O. paradoxus lives in two separate places: Northeast Atlantic and Easter Central Atlantic. In the Northeast Atlantic along the Atlantic slope of Scotland and the Mid-Atlantic ridge. In the Eastern Central Atlantic from Morocco southward to the Gulf of Guinea.[3]

Based on the distribution of O. paradoxus, occupying a bathybenthic habitat, the species can be classified as


  1. ^ a b "Oxynotus paradoxus." (Sailfin Roughshark). N.p., n.d. Web. 30 November 2013. .
  2. ^ FRAde F., 1929. “Une nouvelle espèce ou une aberration individuelle de l’Oxynotus centrina” (Linn.). Bull. Soc. Port. Sci. Nat., 10(22): 263-267.
  3. ^ a b c d e f g h Hurst, Richard. "Factsheet: Sailfin Roughshark." Factsheet: Sailfin Roughshark. 30 November 2013. .
  4. ^ a b Azevedo, Jose, Fernando Sousa, and Joao Brium. "Dermal denticles and morphometrics of the sailfin roughshark Oxynotus paradoxus (elasmobranchii, oxynotidae), with comments on its geographic Distribution." Cybium 27 (2003): 117-122. .
  • Froese, Rainer and Pauly, Daniel, eds. (2006). "Oxynotus paradoxus in FishBase. July 2006 version.

References

Although this shark is a bycatch by offshore fisheries, it has little to no commercial uses. Though, when caught, the most probably use of O. paradoxus is fishmeal or bait.[3]

Since this species of shark lives in the depths where deepwater fisheries operate, they can have a negative impact on the already uncommon species by being the bycatch of these offshore fisheries. Although their population is unknown, most of its population is in the deeper offshore waters and very few are in the inshore waters.[3]

Threat and Conservation

The diet of O. paradoxus is largely unknown, however from reported sightings of the shark, it has been identified that these sharks feast on small benthic fish and invertebrates.[3]

Diet

As stated before, O. paradoxus if found in the depths of 265–800 m below sea level. Due to their poor ability to swim, O. paradoxus use their relatively large and oil filled livers to maintain their buoyancy.[3]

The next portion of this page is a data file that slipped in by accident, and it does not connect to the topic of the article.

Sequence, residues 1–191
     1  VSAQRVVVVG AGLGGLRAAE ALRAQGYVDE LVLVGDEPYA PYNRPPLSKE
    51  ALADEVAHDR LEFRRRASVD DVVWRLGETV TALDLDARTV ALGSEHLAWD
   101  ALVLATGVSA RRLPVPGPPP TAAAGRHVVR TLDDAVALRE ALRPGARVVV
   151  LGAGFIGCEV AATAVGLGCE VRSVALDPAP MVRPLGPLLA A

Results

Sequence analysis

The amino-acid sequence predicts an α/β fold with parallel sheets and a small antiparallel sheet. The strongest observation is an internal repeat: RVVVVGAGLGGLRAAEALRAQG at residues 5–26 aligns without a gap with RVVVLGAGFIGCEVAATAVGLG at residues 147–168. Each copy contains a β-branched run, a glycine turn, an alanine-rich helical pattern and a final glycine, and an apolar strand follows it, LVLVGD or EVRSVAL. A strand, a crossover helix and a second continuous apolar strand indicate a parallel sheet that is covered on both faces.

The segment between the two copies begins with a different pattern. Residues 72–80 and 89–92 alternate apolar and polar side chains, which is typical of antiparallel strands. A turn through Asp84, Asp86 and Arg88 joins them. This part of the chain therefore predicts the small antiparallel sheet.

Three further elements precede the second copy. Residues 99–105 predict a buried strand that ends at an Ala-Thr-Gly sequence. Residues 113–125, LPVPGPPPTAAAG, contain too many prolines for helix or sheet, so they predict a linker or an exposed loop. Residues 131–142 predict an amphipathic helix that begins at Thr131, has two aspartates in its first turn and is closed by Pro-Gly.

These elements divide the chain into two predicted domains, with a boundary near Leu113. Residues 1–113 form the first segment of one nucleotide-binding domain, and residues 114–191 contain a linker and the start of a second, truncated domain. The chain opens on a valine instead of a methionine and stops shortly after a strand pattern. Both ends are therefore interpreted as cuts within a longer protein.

[3]

This article was sourced from Creative Commons Attribution-ShareAlike License; additional terms may apply. World Heritage Encyclopedia content is assembled from numerous content providers, Open Access Publishing, and in compliance with The Fair Access to Science and Technology Research Act (FASTR), Wikimedia Foundation, Inc., Public Library of Science, The Encyclopedia of Life, Open Book Publishers (OBP), PubMed, U.S. National Library of Medicine, National Center for Biotechnology Information, U.S. National Library of Medicine, National Institutes of Health (NIH), U.S. Department of Health & Human Services, and USA.gov, which sources content from all federal, state, local, tribal, and territorial government publication portals (.gov, .mil, .edu). Funding for USA.gov and content contributors is made possible from the U.S. Congress, E-Government Act of 2002.
 
Crowd sourced content that is contributed to World Heritage Encyclopedia is peer reviewed and edited by our editorial staff to ensure quality scholarly research articles.
 
By using this site, you agree to the Terms of Use and Privacy Policy. World Heritage Encyclopedia™ is a registered trademark of the World Public Library Association, a non-profit organization.
 



Copyright © World Library Foundation. All rights reserved. eBooks from World Library are sponsored by the World Library Foundation,
a 501c(4) Member's Support Non-Profit Organization, and is NOT affiliated with any governmental agency or department.